Robin Hood Review
Ridley Scottís timing couldnít be better. In a week thatís seen a new Prime Minister assuming power thanks to a political system that has failed its people, itís strangely appropriate to be reminded of Englandís most famous outlaw. From the filmís opening scrawl citing a Ďtime when kings were tyrantsí to the storyís central theme of individual liberty and the importance of rulers listening to their people, Scottís take on the legendary figure offers plenty of moments to provoke chuckles of contemporary recognition, and perhaps even hopes that we had our own Robin Hood in action today.
But whether we would want this Robin Hood, or Robin Longstride, as he is renamed here, is debatable. The trailer promised a version of the story that weíd never been told before, and Scott and writer Brian Helgeland make good on that claim; this story ends where most previous tellings have begun, with Robin declared an outlaw and hiding out in Sherwood Forest. But Scottís film also inadvertently makes plain why this part of Robinís life is usually confined to backstory; itís not that interesting, and Robin himself doesnít actually do much in it. Weíre used to seeing Robin Hood as a decisive leader of men and a dashing romantic hero, but here he is redrawn as a man carried along by the tides of circumstance, a small pawn in a much bigger political game.
This may well be a truer historical depiction of the real Robin Hood, if there ever was one, but itís not the stuff of enduring cinema. For all his drawling Americanisms, Kevin Costnerís version of Robin, in 1991ís great fun Prince of Thieves, earned his place in movie history by firing that flaming arrow in slow-motion and making that heroic roof-top dive through a stained-glass window. The Robin that we meet here (Russell Crowe, excellent as always) has none of that heroism or heart. Thatís intentional of course; Scott is trying to show us what made Robin change from a man living only for himself to a man willing to live and die for his woman and his people. The problem is that, in the larger historical context that Scott offers, Robinís story just doesnít seem like such a big deal.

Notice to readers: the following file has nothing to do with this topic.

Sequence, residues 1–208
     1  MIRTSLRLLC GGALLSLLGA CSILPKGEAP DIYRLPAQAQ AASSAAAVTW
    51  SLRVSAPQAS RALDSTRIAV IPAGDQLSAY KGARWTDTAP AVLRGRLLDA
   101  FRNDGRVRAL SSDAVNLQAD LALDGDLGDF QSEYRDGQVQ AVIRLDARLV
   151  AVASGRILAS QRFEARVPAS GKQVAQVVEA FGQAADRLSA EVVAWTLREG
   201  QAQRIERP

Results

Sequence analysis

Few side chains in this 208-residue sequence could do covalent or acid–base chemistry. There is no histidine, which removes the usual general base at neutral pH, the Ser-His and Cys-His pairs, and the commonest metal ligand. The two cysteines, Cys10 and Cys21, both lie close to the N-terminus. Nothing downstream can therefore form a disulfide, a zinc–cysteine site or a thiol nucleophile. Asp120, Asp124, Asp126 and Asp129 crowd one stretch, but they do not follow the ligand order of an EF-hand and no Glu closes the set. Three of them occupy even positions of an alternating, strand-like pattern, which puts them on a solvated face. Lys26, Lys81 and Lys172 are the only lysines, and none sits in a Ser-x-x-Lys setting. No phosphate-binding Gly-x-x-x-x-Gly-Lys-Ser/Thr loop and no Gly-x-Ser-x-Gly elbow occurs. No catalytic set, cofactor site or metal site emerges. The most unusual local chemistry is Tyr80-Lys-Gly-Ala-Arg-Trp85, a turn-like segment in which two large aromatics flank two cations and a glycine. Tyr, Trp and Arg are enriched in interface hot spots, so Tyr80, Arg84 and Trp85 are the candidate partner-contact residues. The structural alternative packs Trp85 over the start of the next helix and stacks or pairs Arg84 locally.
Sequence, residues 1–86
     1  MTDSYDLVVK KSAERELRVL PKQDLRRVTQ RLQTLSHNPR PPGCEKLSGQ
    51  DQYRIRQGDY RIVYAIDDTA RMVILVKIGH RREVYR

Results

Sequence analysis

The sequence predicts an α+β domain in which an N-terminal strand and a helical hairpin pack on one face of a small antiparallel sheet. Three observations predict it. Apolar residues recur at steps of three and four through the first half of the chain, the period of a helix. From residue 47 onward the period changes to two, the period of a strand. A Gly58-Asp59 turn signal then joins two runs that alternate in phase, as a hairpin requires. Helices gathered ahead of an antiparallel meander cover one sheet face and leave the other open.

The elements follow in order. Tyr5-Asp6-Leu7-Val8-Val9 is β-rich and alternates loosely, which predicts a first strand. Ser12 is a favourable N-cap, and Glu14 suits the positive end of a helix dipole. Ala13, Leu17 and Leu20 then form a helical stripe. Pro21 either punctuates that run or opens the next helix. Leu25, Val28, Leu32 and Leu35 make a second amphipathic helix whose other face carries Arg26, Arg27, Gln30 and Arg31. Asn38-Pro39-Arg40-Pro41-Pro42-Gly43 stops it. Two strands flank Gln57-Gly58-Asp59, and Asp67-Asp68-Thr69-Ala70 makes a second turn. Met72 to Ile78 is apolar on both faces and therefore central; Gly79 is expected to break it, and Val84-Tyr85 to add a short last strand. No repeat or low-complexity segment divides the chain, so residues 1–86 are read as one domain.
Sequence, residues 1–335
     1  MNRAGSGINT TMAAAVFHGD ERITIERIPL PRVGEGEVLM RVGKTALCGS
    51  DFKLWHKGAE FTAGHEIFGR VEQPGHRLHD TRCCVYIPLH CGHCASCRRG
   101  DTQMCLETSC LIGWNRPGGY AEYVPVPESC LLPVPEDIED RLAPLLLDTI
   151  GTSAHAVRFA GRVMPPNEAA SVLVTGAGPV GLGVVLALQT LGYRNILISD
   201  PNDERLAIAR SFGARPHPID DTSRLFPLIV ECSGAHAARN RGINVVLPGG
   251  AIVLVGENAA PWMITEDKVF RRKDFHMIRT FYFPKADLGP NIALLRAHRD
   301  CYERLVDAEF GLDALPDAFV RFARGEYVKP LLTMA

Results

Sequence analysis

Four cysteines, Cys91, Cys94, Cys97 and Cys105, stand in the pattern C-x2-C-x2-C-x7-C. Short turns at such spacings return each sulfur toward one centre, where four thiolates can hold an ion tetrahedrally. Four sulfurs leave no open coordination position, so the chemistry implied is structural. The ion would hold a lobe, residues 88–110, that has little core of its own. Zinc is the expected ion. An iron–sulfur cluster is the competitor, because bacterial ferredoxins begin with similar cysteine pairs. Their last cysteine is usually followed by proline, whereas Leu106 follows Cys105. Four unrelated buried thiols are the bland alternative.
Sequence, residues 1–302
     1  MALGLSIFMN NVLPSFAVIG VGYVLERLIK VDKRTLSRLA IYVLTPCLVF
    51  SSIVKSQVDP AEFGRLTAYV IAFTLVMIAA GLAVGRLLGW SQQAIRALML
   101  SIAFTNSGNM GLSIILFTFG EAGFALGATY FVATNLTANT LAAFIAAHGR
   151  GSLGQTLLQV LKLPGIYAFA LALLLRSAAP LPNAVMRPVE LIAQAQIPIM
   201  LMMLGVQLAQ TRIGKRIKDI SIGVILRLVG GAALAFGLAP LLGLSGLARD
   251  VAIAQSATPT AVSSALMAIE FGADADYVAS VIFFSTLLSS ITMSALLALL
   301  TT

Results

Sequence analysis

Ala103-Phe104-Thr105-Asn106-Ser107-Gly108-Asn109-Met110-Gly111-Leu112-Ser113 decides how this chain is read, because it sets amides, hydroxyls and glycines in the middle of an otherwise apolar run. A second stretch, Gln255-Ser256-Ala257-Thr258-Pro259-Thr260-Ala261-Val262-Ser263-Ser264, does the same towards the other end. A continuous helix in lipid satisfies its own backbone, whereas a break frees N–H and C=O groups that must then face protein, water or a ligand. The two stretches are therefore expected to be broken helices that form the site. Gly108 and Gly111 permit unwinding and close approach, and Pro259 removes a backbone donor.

Unsurprisingly, itís in creating that larger context that Scott really succeeds, because he is a truly great film director, and given a big enough canvas he can bring a whole world to life. He has that canvas in 12th Century England, and he establishes the world with the same structure as he did in Gladiator; a huge, brilliantly depicted battle, followed by a mass of scenes that set up the fraught political situation in the country and skilfully introduce us to all the storyís main characters. Thereís a lot of drama and intrigue to enjoy, and a host of great actors, including a fantastic Max von Sydow, playing it out.
Ultimately though, all this compelling background canít make up for the gaping hole at the centre of the movie. Robin is a bystander in his own film: both Matthew Macfadyenís Sheriff of Nottingham and Mark Strongís villainous Godfrey are hardly aware of Robinís existence, giving him no great enemy to conflict with, while his courtship with Marion (Cate Blanchett) is forced Ė literally Ė and fledgling, giving him no passionate romance to pursue. In their efforts to do something new and different with the Robin Hood character, Scott and his merry band of filmmakers have robbed him of everything that made him great.